That the proponents of the present bill do not agree with that belief is, we think, fairly obvious both from the language that they have used in drafting the “misbranding” and “false advertising” provisions, and from the arguments that they have used to support the language used. Their position is, quite evidently, that the public needs protection—that they are unable to devise language that will protect the public and at the same time protect the honest manufacturerand that since the interests of the public are paramount, the public must be protected at all events, even although in protecting the public, the interests of honest and legitimate individuals and businesses must suffer. Additionally, of course, they minimize the seriousness of the threat to honest advertising—because they say that the law will not be enforced as written, but will be enforced only in part, so that its penalties will seldom fall on those who do not merit them.

To restate our position: We agree that the public is entitled to, and needs, protection from false advertising of foods, drugs, and cosmetics; we agree that the public interest is paramount; we agree, therefore, that if both the public interest and legitimate business cannot be protected at one and the same time, the interests of such business must give way to the protection of the public generally. But we by no means concede that the one cannot be protected and the other adequately safeguarded at the same time. And we contend that the protection of the honest advertiser should be contained in the language of the statute itself, and not depend on anything so illusory and untrustworthy as a promise that the law will not be strictly enforced.

In support of our belief that a provision that can be drawn that will protect both the public and the honest advertiser, we suggest the following definition of false advertising" which we believe will prevent all the abuses which it is the avowed purpose of the so-called Tugwell bill to prevent; and which, at the same time, will make possible the honest exploitation of legitimate foods, drugs, and cosmetics.

"An advertisement of a food, drug, or cosmetic shall be deemed to be false if (1) it is in fact untrue as to the ingredients, the harmlessness, or the therapeutic, nutritional, dietetic, or health value of such food, drug, or cosmetic; or (2) if by inference fairly and reasonably drawn from the advertisement, it is misleading as to the ingredients, the harmlessness, or the therapeutic, nutritional, dietetic, or health value of such food, drug, or cosmetic; or (3) if either by its statements or its implications it materially misrepresents the product which is the subject of the advertisement.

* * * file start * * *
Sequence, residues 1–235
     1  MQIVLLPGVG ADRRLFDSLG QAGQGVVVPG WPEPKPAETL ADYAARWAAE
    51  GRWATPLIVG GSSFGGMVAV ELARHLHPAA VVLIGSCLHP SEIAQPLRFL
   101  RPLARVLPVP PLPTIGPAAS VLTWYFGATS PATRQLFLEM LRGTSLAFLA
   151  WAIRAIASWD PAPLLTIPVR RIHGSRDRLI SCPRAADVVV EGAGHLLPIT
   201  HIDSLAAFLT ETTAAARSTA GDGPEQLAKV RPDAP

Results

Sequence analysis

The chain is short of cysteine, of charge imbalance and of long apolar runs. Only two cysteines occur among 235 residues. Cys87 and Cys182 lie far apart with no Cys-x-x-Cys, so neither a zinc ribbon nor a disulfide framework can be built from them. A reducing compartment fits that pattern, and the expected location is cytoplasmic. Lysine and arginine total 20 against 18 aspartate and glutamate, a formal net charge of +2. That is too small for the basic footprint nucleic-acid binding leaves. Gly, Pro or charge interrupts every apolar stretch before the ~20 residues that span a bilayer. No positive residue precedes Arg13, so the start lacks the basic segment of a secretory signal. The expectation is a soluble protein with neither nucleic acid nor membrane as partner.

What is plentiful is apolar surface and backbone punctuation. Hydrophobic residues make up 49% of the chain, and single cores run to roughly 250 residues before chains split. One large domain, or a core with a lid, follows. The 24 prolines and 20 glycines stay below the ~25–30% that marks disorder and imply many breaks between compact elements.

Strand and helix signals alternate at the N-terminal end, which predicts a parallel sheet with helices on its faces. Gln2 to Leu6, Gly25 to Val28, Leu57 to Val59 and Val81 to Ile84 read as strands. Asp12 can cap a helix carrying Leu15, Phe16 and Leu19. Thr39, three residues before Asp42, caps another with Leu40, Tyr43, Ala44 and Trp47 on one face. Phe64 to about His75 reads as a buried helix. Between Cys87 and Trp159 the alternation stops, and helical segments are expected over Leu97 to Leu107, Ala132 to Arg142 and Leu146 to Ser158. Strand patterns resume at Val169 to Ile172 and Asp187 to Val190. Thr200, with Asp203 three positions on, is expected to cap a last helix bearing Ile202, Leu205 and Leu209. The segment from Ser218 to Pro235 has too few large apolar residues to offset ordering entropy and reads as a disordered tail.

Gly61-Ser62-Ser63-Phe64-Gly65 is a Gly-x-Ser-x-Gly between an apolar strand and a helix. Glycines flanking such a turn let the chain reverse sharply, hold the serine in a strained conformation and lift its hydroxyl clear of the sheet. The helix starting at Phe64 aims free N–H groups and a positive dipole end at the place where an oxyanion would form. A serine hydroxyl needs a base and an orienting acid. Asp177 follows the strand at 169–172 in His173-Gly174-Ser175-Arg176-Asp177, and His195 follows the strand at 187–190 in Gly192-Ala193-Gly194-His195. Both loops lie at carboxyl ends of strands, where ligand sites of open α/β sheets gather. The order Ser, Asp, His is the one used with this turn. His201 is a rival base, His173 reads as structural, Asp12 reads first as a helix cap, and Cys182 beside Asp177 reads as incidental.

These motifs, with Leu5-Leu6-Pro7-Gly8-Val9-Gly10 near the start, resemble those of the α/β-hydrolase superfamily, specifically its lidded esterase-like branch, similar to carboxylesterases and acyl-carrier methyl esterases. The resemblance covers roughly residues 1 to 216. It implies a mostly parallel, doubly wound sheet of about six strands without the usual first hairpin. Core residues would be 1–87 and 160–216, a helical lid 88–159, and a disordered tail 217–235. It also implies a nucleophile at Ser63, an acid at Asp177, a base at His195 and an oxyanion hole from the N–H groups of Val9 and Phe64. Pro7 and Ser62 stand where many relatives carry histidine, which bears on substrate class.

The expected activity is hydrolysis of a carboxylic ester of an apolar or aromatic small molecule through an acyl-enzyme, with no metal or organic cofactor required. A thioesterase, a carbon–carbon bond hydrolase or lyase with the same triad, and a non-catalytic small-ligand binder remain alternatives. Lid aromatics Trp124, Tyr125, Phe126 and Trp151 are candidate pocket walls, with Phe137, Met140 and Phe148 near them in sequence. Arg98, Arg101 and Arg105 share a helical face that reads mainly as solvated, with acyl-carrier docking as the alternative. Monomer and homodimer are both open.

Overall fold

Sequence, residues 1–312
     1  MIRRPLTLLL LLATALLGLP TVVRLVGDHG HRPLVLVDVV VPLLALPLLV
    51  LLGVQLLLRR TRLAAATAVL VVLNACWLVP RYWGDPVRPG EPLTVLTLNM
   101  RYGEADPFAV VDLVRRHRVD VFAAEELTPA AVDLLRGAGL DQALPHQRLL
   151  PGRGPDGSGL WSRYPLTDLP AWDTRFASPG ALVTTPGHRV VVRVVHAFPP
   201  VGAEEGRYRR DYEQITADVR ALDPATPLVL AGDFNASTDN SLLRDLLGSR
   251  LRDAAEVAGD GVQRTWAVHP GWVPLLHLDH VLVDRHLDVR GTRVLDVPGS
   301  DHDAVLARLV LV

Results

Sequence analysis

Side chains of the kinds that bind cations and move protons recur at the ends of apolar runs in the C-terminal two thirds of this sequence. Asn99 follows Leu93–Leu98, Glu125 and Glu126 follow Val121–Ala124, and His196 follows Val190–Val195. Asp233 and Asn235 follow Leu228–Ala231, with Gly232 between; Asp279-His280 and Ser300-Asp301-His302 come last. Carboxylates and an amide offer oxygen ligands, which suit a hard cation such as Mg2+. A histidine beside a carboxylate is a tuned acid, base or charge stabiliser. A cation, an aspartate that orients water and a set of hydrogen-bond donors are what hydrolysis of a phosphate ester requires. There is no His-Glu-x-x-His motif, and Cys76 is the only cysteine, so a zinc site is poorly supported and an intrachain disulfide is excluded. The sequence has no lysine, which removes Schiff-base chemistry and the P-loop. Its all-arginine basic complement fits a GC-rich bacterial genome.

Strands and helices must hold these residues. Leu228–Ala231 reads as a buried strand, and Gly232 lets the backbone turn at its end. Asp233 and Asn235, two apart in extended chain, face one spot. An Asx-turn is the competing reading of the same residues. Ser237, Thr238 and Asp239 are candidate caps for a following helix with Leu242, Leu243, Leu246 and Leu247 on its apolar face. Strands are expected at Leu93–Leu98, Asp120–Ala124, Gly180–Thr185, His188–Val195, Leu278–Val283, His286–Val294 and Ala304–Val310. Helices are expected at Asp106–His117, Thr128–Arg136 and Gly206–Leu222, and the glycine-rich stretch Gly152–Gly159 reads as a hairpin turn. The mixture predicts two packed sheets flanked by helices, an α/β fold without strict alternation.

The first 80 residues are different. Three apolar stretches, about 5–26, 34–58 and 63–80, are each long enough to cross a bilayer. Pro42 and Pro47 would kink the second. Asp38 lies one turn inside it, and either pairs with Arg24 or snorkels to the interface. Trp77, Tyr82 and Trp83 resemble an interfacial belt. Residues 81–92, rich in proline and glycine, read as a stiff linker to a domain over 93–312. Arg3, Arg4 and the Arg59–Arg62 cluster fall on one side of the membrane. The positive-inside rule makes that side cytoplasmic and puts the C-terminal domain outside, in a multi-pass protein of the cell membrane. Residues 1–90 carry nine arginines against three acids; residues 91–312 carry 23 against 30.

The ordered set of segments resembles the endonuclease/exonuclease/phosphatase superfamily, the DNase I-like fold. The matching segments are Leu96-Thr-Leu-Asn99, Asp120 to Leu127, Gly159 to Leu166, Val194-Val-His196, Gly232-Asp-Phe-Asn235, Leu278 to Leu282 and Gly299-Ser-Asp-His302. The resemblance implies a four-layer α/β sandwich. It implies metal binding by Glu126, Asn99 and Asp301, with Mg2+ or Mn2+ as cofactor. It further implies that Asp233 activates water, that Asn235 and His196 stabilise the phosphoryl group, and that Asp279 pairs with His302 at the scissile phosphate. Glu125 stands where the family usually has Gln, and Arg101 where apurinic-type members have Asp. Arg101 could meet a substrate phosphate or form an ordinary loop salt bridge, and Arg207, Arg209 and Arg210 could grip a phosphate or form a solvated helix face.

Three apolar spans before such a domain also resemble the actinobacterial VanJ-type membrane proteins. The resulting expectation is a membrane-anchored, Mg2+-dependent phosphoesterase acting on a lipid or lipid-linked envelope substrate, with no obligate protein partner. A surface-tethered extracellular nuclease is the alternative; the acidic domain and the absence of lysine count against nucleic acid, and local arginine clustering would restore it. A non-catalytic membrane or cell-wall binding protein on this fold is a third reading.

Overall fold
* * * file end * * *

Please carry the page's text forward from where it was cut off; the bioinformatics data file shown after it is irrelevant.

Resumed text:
“An advertisement of a food, drug, or cosmetic shall be deemed to be false if it unfairly or untruthfully disparages a competitor or the product of a competitor; and for the purposes of this section it is immaterial whether such disparagement be by direct statement or by inference reasonably drawn from the advertisement.

Nothing in this section shall be construed or interpreted to mean that any advertisement of a food, drug, or cosmetic shall be deemed to be false or misleading merely because such advertisement contains claims of the kind recognized at common law and by the court as 'trade-puffing'.

With your permission we should like to discuss:

1. Wherein the present language of the Tugwell bill, in its zeal to do the one thing-namely, protect the public against false and misleading advertising-fails inexcusably to do the other important thing-namely, protect the honest manufacturer and advertiser.

2. The adequacy of the substitute language we have suggested to accomplish the purposes of the bill without punishing the innocent as well as the guilty. I. THE OBJECTIONABLE FEATURES OF THE TUGWELL BILL IN ITS PRESENT FORM

It is not our purpose to discuss all of the respects in which we think substantial revision of the Tugwell bill is desirable. We prefer to confine our discussion, in the main, to those provisions which relate directly to advertising and branding.

In the first place, we think we can in this way help to conserve the time of the committee. Moreover, we are familiar with advertising, as we are not familiar with many of the other subjects covered by the bill. We can speak from experience, as specialists, on the effect of the proposed bill on advertising, whereas we could claim no such special knowledge with respect to the other subjects.

Nevertheless, before proceeding to amplify our position with respect to the definition of “misbranding” and of "false advertising”, we wish merely to